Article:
Arne Naess is the Norwegian philosopher originally responsible for the set of ideas known as "deep ecology". He taught at the University of Oslo, was involved in environmental activism, and many years of scholarly work, including founding the journal Inquiry. He is now in his nineties. Read an inspiring essay about Naess, his alpine garden, and his life and work at http://www.terrain.org/columns/18/bullhill.htm This essay is by modern-day polymath, philosopher/musician/editor/translator David Rothenberg, author of Why Birds Sing, and editor of the Terra Nova series of books. From the essay: "Care for the nature in your midst and you will endeavor to live in a way that does not damage your own place in the scheme of things. Deep ecology is not the search for the pure, empty wildness far from your home. It's knowing how to tend the grounds of your home place, to trust the land that holds you up, to learn all the beings that share your place, and honestly find the right way to live."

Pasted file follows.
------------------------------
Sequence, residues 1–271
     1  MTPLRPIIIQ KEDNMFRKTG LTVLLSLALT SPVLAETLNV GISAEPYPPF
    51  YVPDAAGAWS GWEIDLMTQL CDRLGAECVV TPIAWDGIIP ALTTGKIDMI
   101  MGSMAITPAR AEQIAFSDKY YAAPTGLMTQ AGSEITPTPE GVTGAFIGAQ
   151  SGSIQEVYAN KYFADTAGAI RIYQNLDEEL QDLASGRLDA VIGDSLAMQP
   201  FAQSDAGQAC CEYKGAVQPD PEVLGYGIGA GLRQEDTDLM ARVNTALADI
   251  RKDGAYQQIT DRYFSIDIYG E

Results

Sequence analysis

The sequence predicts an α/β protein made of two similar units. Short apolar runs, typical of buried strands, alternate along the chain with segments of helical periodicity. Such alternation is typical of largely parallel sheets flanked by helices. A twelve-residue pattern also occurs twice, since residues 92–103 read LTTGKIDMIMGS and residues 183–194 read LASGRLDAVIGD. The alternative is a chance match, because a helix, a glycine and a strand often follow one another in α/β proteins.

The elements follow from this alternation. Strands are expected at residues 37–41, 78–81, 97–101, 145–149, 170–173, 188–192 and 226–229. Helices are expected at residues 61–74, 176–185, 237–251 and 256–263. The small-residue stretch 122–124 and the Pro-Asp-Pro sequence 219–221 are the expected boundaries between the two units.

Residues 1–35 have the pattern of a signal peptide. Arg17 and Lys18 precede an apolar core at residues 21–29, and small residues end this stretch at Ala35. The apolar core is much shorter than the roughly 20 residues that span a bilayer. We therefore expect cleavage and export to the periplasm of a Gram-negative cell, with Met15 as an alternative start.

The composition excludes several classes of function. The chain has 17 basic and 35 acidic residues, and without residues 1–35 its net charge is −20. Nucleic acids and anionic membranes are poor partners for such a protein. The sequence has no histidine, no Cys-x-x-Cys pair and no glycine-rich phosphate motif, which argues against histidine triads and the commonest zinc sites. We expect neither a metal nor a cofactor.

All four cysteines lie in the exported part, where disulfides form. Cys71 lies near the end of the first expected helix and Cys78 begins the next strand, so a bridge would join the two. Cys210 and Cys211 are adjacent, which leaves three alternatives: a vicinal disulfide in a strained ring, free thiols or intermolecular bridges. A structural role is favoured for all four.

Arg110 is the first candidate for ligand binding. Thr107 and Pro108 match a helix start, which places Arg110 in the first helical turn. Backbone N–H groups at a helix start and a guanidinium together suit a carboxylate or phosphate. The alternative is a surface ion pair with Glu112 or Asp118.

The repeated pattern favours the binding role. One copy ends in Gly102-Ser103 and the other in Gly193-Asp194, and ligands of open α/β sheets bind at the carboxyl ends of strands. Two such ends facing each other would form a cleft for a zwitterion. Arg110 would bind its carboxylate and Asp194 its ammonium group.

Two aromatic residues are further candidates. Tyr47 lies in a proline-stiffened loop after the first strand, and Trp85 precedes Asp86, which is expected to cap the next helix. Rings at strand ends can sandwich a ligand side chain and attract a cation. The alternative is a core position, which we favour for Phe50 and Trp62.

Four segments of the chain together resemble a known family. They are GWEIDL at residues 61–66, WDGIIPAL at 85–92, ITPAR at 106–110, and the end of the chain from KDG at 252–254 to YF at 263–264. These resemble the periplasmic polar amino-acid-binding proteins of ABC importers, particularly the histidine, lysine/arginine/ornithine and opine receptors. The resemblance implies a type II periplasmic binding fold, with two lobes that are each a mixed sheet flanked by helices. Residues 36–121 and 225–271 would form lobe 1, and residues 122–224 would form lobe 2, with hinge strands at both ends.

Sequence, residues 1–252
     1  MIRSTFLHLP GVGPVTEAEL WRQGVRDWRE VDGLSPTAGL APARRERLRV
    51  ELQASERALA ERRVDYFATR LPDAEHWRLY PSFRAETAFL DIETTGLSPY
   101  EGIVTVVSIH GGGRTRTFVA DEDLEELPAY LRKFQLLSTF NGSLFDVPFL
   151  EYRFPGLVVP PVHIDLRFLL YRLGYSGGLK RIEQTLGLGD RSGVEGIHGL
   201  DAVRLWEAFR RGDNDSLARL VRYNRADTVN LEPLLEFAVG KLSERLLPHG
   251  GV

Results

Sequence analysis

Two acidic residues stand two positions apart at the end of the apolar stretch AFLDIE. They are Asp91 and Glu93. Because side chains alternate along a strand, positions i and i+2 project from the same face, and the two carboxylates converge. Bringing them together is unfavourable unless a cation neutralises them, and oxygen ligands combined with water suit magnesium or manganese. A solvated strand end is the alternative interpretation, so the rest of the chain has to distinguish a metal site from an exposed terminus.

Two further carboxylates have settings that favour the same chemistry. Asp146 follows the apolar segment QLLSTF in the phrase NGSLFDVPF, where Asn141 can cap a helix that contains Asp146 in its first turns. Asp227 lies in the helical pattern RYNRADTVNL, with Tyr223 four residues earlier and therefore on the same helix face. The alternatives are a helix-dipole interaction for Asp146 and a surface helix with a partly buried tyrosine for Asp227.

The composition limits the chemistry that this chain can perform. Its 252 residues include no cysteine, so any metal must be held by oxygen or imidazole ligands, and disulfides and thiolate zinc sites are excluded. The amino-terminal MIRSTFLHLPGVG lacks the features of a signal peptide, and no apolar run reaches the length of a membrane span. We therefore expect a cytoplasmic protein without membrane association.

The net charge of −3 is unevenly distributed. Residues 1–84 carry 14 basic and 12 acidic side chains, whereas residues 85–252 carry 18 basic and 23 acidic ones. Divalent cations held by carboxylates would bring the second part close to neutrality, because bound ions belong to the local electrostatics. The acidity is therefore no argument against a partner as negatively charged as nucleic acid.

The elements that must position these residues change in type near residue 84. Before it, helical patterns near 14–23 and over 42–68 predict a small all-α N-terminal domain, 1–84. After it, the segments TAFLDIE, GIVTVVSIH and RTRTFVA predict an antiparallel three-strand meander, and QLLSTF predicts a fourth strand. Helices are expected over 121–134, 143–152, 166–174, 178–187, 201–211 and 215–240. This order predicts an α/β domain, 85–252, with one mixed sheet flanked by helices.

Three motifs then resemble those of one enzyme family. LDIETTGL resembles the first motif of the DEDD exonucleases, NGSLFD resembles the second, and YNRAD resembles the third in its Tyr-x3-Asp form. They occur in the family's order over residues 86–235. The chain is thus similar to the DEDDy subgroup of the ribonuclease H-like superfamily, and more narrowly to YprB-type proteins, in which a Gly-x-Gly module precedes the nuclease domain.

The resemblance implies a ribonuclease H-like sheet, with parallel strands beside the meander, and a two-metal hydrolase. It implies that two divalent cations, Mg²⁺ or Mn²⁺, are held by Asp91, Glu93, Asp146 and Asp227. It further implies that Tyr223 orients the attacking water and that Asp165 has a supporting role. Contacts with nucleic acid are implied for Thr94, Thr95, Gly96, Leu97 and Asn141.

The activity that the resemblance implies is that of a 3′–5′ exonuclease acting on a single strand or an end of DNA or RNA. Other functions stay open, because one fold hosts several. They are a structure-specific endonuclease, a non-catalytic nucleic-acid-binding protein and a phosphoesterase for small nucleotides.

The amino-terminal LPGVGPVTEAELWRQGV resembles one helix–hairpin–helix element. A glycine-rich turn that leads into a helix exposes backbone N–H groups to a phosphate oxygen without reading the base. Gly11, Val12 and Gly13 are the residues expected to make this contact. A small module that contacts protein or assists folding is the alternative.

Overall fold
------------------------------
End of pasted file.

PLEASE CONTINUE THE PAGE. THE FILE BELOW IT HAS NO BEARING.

Another recent inspiration for me is from southeastern Wisconsin's Cedarburg Bog. This 2500-acre wetland complex is " is one of the largest and most diverse wetlands in southern Wisconsin". I've been doing bird surveys for the UW-Milwaukee Field Station in the form of "point counts" here since early June; the photo above is of the array of plants (see small pitcher-plants [Sarracenia purpurea] and round-leaved sundew [Drosera rotundifolia] along with other species) found in a mound of sphagnum moss in the bog. See more about the bog at: http://www.uwm.edu/Dept/fieldstation/natareas.html